Introduction: Why diversification is necessary
Every company is at a point where management is in a dilemma about whether to explore diversification or introduce new products within their existing portfolio to stay competitive in the market. It’s almost inevitable that to accelerate growth once the company is at an appropriate size and maturity, the executives are enticed to diversify. Businesses implement diversification strategies to boost or improve the competitiveness of their overall company. If they succeed, they will see their value to the organization grows. Value can be created by either unrelated or related diversification in the event that the strategies help the mix of business units in the company to boost revenues or reduce costs by implementing their business-level strategy.
Businesses can also employ an approach to diversification to increase market position relative to rivals. Companies can use diversification strategies that are valued neutral or lead to a reduction in the value of the company. They might try to diversify to reduce the market power of a competitor or to lessen the risk of employment for managers, or increase the compensation of managers due to the positive correlation between the size of the company, diversification, and the amount of payment.
While a handful of talented individuals in the past have proven adept at managing multiple business portfolios, nowadays, the majority of executives and boards are aware of the difficulty of trying to bring value to companies that aren’t linked to one with respect to some manner. In the end, unorthodox connections have been largely eliminated. In the United States, for example, in the year 2010, there were 22 genuine conglomerates. Since then, three companies have declared that they will also separate.
The past achievements of the past:
The argument that diversification is beneficial to investors by reducing volatility not convincing. The growth of mutual funds with low costs underscored this aspect since it allowed even smaller investors to make a diversification their portfolios on their own. On a global scale, the conglomerates have performed less well than more focused firms both in the real world (growth and capital gains) as well as on the market. From 2002 until the year 2010, for instance, the profits of conglomerates increased by 6.3 percent per year. In contrast, the revenues of companies that were focused grew by 9.2 percent. Adjusted for size variations, focused companies have grown more rapidly. They also increased their returns on capital by three percentage points, and conglomerates’ ROCs of conglomerates decreased by one percent. In addition, median total returns for investors (TRS) are 7.5 percent for the conglomerates and 11.8 percent for companies that are focused.
What is essential in a diversification plan is whether the managers have the ability to enhance the value of businesses that are not related to one another by allocating capital to rival investments or portfolios or by reducing costs. In the past 20 years, it has been evident that there has been a clear distinction in the TRS of the highest and low performers of the conglomerates that remained in 2010 clearly diverged in these areas. Although the amount of firms isn’t enough to be analyzed statistically, three of the characteristics that distinguish high performers typically observed are:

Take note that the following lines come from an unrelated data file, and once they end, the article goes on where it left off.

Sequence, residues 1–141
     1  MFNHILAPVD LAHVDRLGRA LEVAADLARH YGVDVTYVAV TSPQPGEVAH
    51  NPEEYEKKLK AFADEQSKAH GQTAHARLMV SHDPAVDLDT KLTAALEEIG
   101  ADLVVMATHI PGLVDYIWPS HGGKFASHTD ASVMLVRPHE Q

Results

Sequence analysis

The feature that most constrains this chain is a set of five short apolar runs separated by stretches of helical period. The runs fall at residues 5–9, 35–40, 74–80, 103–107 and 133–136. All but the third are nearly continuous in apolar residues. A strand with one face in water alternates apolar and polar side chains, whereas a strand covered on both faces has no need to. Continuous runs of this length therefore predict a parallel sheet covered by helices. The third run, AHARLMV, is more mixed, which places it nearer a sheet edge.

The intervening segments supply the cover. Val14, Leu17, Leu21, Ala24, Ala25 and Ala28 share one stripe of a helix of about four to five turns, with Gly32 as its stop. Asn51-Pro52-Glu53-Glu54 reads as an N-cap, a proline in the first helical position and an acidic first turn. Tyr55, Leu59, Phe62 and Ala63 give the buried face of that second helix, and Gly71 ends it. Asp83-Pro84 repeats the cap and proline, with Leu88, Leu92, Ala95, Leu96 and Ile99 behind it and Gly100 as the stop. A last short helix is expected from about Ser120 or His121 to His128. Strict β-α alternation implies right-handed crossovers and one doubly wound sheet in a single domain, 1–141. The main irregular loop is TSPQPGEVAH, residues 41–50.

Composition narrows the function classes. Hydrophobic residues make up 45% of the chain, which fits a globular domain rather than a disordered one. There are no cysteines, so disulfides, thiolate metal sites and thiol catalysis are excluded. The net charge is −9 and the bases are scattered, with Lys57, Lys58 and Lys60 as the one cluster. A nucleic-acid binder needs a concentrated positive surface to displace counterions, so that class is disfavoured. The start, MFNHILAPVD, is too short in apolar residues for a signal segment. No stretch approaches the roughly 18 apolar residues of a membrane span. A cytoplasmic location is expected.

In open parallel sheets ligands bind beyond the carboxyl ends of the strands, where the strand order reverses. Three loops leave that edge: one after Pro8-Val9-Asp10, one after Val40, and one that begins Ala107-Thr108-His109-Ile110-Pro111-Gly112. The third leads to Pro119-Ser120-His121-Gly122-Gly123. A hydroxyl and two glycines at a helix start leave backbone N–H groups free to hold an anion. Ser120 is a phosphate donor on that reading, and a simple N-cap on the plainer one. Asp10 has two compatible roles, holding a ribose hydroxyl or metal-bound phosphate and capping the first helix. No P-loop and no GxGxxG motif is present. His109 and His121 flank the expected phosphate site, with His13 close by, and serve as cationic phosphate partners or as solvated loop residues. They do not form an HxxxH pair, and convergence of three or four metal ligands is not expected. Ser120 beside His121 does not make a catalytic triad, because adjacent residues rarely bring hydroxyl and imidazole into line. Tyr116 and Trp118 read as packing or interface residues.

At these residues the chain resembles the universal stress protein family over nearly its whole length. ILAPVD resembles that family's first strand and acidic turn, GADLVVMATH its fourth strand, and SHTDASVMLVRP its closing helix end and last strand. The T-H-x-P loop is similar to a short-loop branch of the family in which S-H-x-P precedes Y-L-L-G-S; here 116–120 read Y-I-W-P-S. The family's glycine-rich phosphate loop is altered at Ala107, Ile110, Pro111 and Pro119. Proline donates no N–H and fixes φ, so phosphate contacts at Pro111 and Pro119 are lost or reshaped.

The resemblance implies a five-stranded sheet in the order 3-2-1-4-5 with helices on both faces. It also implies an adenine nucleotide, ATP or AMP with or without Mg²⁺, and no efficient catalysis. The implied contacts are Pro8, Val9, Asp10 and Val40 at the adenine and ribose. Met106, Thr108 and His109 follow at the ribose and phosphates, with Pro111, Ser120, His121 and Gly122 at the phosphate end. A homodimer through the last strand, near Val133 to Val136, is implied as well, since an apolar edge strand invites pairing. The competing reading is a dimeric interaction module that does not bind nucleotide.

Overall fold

1. Disciplined (and often contrarian) investors –
The most successful conglomerates constantly adjust their portfolios by buying companies they believe are overvalued by the market, as well as whose results they could enhance.
2. Capital managers with a shrewd attitude –
A large majority of companies have capital allocations for their businesses based for a particular year on its budget for the prior year or on the cash flow it produces. Conglomerates with high performance, on the other hand, are able to manage capital allocation across different units at the company level. Any cash that isn’t needed to meet operational needs is sent over to the corporate parent, which determines which teams to distribute among existing and new investment or business opportunities depending on their potential growth and return on investment capital.
3. Corporate centers that are ‘lean’ and rigorous –
Conglomerates that are highly successful operate similarly to more successful private equity companies do, with a smaller corporate center, which limits its involvement in the running of businesses to deciding the leaders, allocating capital, selecting a strategy for vetting and setting targets for performance, and keeping track of the performance of each unit. As crucial, these companies don’t have extensive corporate-wide processes, nor do they have massive shared service centers.
Future of Conglomerate Growth and Risk. Risk Mitigation
The situation of the economy of emerging economies is unique to warrant being cautious using the information we gather from US firms. The structure of conglomerates will come under challenges in the coming years, the degree of which will differ from one country to the next and from industry to industry.